6. How closely does the housing market follow the patterns of the stock markets? I would say they are very different, and the psychology behind the buying and selling of equities is very different to the emotion driven housing market. People don't even consider a mortgage as a debt FFS.
  7. Now all the really solid arguments for waiting before buying have been crushed by the HPI over the past 6 months, I don't see how anything can stop it in the short term. It took 2 years for vendors to start lowering their asking prices. Now after another taste of HPI, they aren't going to start dropping it in a hurry again. Whether you believe it or not, for 99% of the population, the house price crash is OVER. People don't understand the economic problems to come in the future, and won't do until the end of next year, when they start feeling the effects of it. That is when stage 2 of falls will occur, not this winter, as many are hoping. There is no point wait any longer, unless you are in it for the long haul, and want to wait for another 1-2 years. A huge proportion of people on this site, let alone the typical sheeple, will not want to wait that long.
  8. Look at that mean trend line. We are there NOW! House prices are AT the historical trend now. This much loved graph is meaningless.
  9. People are worried because most planned to buy towards the end of this year, not in 2 years when interest rates start falling and the depression gets real. As things stand, prices are practically at peak prices in lots of areas, hence the panic!
  10. I'm sure overseas buyers have a large part to play in house prices increasing in London. With the devaluation of the pound, they must be getting them for 2/3rds of peak prices.
  11. Well apart from DrBubb who saw this bull trap, I think its fair to say that it caught most others by surprise. I actually remember reading through the post Drbubb made back in april, and though there was no chance of a bull market straight after the insane falls over winter, but he was right! I have my doubts about a bear market forming again, mainly because of the way the stock market is climbing so quickly, and the fact nearly everyone in this country regardless of whether you are buying or selling, wants house prices to go up. But I guess I didn't believe a bull market could develop either...
  12. I really do hope you're right! I would prefer if things did return to boom times, and the last decade was a sustainable time in history. But in reality, the long term looks incredibly bleak. Hyperinflation isn't worth worrying about imo, because if it does occur, whatever precautions you take now won't make a bit of difference in such a ******ed up society. If there are any real signs of hyperinflation over the next few years, I will be the first one to emigrate. I could quite easily stick my middle finger up at GB, and leave as I have no real ties to this country. Funny not a single bull has commented in this thread. Has HPC banned the lot of them?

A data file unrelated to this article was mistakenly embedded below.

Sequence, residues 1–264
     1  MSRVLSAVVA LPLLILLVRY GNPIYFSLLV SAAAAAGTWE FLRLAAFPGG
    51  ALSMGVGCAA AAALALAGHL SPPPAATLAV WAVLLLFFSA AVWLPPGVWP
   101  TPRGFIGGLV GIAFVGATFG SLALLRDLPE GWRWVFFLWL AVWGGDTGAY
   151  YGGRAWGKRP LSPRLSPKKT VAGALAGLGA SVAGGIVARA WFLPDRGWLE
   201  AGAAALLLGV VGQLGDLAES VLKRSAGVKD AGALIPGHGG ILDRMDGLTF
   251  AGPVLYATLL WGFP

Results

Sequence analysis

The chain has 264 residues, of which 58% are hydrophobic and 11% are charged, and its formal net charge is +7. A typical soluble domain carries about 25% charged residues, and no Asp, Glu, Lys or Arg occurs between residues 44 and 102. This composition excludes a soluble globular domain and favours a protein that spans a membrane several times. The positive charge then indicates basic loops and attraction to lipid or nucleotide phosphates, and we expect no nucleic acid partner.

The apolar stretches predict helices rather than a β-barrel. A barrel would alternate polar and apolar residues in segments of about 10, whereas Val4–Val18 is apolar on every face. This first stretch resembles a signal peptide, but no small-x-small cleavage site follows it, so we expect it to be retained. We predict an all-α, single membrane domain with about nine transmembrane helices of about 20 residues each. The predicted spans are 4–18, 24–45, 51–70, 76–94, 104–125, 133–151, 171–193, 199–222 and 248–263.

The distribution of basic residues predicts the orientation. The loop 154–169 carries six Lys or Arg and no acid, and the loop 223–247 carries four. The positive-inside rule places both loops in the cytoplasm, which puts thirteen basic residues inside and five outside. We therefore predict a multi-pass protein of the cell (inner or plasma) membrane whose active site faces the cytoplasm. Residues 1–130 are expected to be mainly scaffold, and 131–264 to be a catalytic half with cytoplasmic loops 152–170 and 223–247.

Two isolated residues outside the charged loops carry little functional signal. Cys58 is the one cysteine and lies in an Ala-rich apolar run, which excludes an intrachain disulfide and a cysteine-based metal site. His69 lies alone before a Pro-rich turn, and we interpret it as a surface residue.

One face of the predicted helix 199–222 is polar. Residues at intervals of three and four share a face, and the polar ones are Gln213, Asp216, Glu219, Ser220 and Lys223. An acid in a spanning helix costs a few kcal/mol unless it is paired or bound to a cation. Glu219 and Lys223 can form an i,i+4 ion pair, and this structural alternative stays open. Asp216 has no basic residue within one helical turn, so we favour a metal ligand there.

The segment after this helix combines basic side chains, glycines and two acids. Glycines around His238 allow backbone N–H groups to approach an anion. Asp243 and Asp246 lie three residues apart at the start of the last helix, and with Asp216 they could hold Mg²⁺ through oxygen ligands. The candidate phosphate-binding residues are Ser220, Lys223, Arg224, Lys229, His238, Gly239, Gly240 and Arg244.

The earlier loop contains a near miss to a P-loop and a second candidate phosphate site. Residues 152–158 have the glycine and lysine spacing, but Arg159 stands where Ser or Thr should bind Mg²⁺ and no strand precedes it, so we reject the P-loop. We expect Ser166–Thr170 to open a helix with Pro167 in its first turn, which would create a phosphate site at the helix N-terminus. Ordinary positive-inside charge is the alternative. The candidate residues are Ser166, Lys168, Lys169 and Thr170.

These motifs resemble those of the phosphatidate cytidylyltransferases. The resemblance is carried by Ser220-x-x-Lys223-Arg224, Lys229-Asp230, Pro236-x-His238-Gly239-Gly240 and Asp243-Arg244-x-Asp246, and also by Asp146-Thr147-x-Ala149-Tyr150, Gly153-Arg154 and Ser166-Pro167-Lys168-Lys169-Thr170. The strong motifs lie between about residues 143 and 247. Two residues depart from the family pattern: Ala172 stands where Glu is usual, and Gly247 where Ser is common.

13. After reading this thread in full, I've come to the following conclusion. 1. Those that have bought already believe prices are going up/stabalising, due to the 'dash for the assets', inflation etc.. 2. Those that have not bought yet think prices are falling further, due to employment, tax increases, budget deficit etc.. IMO Gordo seems to have done it, and house prices are going up on average. Prices in the short term would shoot up if lending was relaxed, but over the medium term, things look pretty bad, or good, depending on your bias. Either buy now, and try to get a deal at as close to Feb09 prices as possible, which will be very hard in the current market, or wait another 2 years, and see what happens. This bull run might last until next year, wiping out all the falls altogather.
  14. Its happening and its very real!! Try buying a house now, and you will be shocked! Things have change a lot since the start of the year, and the new boom is getting bigger, not slowing down.
  15. Don't what sort of areas you lot live in, but in good parts of my city, houses are flying of the market within days. Asking prices have increased to 2007 levels, and lots of people are giving asking, or very close to it, and sometimes over. There is still a massive lack of supply of anything worth buying! Obviously things can't stay like this for much longer than a few months, but the madness isn't over yet. I can't see slowing down until the new year. The media has created a frenzy, and the sheeple are laping it up. Have a look at MSE and see how the attitude has changed. This is no longer a buyers market!
  • Create New...

Important Information

We have placed cookies on your device to help make this website better. You can adjust your cookie settings, otherwise we'll assume you're okay to continue.